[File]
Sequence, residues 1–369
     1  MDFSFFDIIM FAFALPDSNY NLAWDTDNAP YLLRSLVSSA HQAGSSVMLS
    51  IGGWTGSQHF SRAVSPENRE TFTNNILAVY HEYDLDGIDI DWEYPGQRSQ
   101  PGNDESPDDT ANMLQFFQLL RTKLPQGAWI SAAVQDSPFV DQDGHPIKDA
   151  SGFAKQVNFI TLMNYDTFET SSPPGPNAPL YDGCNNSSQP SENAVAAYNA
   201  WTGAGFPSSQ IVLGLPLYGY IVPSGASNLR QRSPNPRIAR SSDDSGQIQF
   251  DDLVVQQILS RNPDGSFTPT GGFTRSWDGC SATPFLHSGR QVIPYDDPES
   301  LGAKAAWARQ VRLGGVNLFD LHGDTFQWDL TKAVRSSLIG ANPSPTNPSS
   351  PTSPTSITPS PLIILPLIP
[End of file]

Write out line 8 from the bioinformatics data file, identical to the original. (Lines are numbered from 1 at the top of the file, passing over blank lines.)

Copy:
   301  LGAKAAWARQ VRLGGVNLFD LHGDTFQWDL TKAVRSSLIG ANPSPTNPSS